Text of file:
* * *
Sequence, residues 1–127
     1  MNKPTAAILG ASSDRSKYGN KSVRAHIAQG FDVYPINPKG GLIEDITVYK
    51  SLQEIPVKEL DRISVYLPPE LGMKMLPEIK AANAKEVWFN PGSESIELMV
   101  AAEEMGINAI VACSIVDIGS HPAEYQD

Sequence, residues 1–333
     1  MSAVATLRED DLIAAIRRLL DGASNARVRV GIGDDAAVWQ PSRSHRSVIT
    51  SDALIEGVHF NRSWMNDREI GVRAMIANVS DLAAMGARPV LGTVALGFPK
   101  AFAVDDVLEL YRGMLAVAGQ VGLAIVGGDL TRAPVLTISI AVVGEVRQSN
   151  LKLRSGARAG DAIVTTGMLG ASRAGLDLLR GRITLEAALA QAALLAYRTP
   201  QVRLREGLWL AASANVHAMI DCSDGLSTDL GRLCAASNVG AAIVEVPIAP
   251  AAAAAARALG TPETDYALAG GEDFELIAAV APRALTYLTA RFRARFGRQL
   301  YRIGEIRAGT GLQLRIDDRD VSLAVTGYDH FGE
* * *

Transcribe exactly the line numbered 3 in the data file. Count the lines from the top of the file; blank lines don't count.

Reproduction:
    51  SLQEIPVKEL DRISVYLPPE LGMKMLPEIK AANAKEVWFN PGSESIELMV